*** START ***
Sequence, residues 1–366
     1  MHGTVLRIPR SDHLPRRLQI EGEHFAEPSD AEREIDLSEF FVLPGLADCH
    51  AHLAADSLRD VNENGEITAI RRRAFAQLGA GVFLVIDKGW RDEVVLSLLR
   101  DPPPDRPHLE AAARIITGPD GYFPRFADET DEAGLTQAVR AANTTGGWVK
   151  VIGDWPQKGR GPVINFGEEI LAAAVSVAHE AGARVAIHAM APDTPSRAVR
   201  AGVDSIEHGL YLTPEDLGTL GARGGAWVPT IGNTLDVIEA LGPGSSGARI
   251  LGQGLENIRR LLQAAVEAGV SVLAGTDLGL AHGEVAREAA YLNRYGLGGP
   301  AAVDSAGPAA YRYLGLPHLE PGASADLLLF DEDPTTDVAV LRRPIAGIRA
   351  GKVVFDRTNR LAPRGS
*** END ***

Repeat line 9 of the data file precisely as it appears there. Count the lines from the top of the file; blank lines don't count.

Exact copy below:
   351  GKVVFDRTNR LAPRGS